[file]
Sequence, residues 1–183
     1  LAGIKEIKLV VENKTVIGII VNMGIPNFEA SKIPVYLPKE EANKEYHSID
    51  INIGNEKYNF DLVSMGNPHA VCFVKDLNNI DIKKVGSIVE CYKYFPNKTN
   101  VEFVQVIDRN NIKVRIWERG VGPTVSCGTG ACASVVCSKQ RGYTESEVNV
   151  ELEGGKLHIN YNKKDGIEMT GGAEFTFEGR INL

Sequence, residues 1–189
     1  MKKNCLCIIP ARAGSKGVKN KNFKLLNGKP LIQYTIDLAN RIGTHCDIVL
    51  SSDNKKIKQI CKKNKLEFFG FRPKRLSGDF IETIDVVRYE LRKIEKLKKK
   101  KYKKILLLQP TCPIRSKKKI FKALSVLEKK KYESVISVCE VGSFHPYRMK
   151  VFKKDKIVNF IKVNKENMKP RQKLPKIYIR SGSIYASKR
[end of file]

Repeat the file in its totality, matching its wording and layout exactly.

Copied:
Sequence, residues 1–183
     1  LAGIKEIKLV VENKTVIGII VNMGIPNFEA SKIPVYLPKE EANKEYHSID
    51  INIGNEKYNF DLVSMGNPHA VCFVKDLNNI DIKKVGSIVE CYKYFPNKTN
   101  VEFVQVIDRN NIKVRIWERG VGPTVSCGTG ACASVVCSKQ RGYTESEVNV
   151  ELEGGKLHIN YNKKDGIEMT GGAEFTFEGR INL

Sequence, residues 1–189
     1  MKKNCLCIIP ARAGSKGVKN KNFKLLNGKP LIQYTIDLAN RIGTHCDIVL
    51  SSDNKKIKQI CKKNKLEFFG FRPKRLSGDF IETIDVVRYE LRKIEKLKKK
   101  KYKKILLLQP TCPIRSKKKI FKALSVLEKK KYESVISVCE VGSFHPYRMK
   151  VFKKDKIVNF IKVNKENMKP RQKLPKIYIR SGSIYASKR